But there were other worrisome trends. The two nations with the highest number of journalists incarcerated — China had 24 journalists imprisoned at the end of 2009 and Iran had 23 — were particularly harsh in taking aim at bloggers and others using the Internet. The number jailed in Iran has since jumped to 47, the committee said. Of the 71 confirmed deaths, 51 were murders, the committee said. The report noted that 24 additional deaths of journalists remained under investigation to determine if they were related to the journalists’ work. Previously, the highest number of journalists killed in a single year was 67, in 2007, when violence in Iraq was raging.
Abstract: This extensive paper examines the complex nexus between democratic change and U.S. security interests, with a principal focus on Egypt, Jordan, Lebanon, Morocco and Yemen. It sets out a set of general and country-specific findings and recommendations for a long-term strategy by which “political liberalization” can enhance the stability and legitimacy of governments, thus strengthening security and peacemaking in the region. This report offers a set of general and country-specific findings and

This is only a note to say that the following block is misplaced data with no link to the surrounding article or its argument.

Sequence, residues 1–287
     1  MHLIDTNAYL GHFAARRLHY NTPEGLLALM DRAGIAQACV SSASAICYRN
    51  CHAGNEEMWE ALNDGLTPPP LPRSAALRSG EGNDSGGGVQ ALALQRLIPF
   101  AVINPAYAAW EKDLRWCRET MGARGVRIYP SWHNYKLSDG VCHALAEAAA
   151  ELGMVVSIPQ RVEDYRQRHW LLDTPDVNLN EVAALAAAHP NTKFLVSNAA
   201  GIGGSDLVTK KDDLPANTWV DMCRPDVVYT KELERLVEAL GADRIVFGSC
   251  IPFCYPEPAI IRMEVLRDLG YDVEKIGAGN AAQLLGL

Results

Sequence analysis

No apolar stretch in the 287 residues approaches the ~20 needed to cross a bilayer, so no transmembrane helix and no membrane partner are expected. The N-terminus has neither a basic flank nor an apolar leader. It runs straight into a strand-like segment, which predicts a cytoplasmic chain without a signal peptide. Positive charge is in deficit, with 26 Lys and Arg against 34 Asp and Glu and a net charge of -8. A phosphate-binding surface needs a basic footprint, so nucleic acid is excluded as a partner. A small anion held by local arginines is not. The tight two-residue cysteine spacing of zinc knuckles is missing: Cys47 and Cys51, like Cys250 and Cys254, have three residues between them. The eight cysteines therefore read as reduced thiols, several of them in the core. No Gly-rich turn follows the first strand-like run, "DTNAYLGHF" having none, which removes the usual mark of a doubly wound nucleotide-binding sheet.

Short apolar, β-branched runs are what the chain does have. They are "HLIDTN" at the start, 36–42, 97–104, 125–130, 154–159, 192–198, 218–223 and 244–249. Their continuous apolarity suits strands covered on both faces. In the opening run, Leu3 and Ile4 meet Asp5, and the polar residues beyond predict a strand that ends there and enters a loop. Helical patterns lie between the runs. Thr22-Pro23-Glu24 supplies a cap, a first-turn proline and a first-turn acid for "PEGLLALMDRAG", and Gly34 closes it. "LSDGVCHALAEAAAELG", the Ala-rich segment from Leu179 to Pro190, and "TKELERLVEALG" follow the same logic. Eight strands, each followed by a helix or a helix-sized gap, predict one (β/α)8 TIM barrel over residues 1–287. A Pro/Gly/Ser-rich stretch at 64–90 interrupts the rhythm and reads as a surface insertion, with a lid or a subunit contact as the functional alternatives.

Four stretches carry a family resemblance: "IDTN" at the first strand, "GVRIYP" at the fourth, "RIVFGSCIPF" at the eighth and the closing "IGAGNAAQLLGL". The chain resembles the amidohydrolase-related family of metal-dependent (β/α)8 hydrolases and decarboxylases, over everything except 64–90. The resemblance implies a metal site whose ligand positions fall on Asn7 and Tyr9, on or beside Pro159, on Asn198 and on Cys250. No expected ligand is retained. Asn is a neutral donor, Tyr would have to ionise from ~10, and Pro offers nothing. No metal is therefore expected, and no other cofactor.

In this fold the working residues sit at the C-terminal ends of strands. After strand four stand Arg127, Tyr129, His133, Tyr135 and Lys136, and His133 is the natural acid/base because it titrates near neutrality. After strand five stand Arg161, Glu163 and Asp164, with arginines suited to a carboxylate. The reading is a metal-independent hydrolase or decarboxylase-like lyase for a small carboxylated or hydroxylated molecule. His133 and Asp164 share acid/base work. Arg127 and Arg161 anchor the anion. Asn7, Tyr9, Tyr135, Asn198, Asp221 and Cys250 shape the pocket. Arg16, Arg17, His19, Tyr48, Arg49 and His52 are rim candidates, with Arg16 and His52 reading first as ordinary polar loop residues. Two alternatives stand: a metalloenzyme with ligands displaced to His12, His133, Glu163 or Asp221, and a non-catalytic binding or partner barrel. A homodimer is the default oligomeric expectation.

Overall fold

recommendations to assist the Obama administration in its efforts to tackle
escalating security challenges while sustaining diplomatic, institutional and
economic support for democracy and human rights in the Greater Middle East.
The working group recognizes that addressing threats from terrorist
groups affiliated with al-Qaeda, as well as stemming conflicts arising from the
persistence of regional conflicts in the Middle East and South Asia, must be a top
priority. But, as the case studies of Yemen, Egypt, Jordan and Lebanon amply
demonstrate, long-term political stability, economic development and security
also requires a continued and even enhanced U.S. commitment, in both words
and deeds, to fostering democratic transformation, human rights and effective
governance. The architecture of security and peacemaking must be
accompanied by a revived focus on democratic reforms.
Absent such an effort, this study group believes that the already wide
political, social and ideological gap between states and societies will further